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Army Chief Should Quit

April 04, 2002

Secretary of the Army Thomas E. White worked as an executive at Enron for 11 years but claims he knew nothing of the shady practices that led to its downfall. Maybe White really was clueless during his time at Enron, but he is not doing himself any favors by failing to properly explain his dealings with the failed energy giant after he left it.

White unloaded $3.08 million worth of Enron stock in October, after having sold about $9 million in shares earlier last year. At the time he was regularly talking with his former colleagues. Now, instead of providing answers to Congress about the substance of those conversations, he is portraying himself as another victim of Enron's collapse. He has even filed for retirement benefits from the company, whose downfall is likely to condemn thousands of less-well-connected investors and former employees to retirements much more modest than they'd ever imagined.

The questions about White's conduct grew after he told the House Government Reform Committee in January that he had had seven meetings and 22 phone conversations with Enron executives, including one with Kenneth L. Lay. Those talks, White said, were "personal in nature." However, on the evening of March 22, as Congress was about to recess, White suddenly admitted that he had had an additional 44 conversations with Enron executives on his home telephone. These chats, he said, were not necessarily personal and would have involved "some comment or discussion" relating to Enron's financial condition. In fact, Secretary White had at least 73 conversations within 10 months of entering the Bush administration, at the very time that Enron was unraveling.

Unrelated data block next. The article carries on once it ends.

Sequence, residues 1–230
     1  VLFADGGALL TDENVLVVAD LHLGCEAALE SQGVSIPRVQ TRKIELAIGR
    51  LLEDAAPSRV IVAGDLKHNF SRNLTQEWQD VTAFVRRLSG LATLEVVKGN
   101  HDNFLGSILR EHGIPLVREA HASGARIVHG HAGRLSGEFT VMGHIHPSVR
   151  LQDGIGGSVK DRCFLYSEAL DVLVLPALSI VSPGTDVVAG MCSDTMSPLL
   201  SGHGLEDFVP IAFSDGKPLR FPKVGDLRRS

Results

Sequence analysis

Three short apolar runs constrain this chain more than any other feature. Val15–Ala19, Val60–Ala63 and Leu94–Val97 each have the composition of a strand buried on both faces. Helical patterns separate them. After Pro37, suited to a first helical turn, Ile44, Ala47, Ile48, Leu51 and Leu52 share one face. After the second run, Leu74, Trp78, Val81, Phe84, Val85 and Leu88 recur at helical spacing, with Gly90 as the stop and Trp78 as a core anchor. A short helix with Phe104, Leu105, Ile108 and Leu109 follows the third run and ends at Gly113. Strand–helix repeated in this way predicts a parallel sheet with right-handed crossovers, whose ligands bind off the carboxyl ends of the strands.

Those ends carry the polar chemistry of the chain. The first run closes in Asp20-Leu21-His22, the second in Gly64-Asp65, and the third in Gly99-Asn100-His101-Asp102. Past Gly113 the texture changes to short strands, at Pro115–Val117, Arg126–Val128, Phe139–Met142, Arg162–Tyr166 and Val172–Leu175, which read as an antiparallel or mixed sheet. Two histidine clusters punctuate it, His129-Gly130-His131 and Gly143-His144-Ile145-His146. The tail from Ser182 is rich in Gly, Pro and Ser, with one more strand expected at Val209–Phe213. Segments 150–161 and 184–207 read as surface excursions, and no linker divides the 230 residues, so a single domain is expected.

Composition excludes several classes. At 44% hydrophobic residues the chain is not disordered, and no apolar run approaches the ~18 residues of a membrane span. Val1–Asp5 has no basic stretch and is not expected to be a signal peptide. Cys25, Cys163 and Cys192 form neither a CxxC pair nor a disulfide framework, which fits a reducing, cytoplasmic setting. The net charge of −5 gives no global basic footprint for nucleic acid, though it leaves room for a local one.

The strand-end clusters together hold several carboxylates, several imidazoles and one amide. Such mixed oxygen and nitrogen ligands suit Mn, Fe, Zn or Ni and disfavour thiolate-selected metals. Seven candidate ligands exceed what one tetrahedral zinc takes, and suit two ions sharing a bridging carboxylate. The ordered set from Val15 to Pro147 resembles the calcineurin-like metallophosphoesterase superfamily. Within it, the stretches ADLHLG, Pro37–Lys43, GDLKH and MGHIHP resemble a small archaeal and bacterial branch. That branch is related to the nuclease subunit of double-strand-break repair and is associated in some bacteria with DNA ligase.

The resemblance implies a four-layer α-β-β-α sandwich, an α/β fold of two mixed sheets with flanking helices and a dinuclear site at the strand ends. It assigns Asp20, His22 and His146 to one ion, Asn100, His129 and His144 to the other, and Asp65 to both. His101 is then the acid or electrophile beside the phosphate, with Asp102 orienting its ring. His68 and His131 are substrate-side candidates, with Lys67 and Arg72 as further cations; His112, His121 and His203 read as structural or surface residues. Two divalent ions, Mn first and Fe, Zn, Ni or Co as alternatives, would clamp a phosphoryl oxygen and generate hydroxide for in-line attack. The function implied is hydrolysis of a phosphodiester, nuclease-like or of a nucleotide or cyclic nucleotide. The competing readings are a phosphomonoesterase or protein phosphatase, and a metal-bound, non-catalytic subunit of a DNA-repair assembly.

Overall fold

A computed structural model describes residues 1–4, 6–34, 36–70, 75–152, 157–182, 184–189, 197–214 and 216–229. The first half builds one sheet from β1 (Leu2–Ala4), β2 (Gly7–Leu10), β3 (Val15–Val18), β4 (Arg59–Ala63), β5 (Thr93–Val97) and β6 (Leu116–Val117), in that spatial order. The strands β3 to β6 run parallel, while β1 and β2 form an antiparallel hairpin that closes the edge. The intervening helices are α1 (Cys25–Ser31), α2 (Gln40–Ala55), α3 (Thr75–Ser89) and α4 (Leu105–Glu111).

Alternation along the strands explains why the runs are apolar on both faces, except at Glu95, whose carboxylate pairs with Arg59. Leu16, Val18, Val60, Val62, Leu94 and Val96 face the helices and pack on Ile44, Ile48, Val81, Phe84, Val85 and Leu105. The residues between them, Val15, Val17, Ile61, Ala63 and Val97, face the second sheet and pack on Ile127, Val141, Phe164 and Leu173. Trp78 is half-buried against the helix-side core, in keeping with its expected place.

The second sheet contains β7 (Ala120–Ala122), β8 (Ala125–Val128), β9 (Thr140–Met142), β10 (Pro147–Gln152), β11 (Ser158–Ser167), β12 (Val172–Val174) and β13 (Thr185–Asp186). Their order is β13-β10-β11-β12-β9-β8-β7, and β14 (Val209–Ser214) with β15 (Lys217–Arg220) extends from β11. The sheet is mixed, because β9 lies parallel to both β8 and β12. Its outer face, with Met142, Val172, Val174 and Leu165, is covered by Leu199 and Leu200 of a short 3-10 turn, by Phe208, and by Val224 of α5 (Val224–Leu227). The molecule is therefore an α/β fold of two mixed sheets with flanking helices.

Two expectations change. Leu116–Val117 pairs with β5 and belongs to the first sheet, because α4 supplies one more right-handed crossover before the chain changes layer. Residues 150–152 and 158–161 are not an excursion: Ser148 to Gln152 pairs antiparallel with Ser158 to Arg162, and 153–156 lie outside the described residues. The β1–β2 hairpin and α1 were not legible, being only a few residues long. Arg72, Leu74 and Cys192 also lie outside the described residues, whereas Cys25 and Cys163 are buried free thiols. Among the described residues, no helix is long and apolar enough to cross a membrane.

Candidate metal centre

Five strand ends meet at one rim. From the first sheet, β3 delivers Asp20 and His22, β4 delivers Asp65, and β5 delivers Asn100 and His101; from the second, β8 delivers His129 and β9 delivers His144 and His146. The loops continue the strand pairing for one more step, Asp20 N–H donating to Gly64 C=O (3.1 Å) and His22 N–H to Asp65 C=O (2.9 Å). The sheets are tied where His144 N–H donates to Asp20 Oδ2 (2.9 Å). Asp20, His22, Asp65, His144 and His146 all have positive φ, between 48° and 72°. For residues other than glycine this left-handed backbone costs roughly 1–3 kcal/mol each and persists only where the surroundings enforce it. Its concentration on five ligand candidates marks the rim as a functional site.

Then there is the matter of White's conduct while at Enron, where he was second-in-command of the Enron Energy Services Division. According to former Enron employees, White was part of a 1998 effort in which staff members tapped away on defunct computers to persuade visiting Wall Street analysts that the division was far more active in trading electricity and gas futures than it was in reality. Former Enron employees have also implicated White's division in the creation of illusory earnings, which were at the heart of the firm's problems.

White has said he wasn't there for the visit and has distanced himself from Enron's other suspect activities. He has also said, however, that if his involvement in Enron becomes a "major distraction" he will step down. That point has been reached. White may not have done anything illegal. But the secretary of the Army needs to be like Caesar's wife--beyond suspicion. White's conduct during and after his tenure at Enron does not meet that standard. He should resign.

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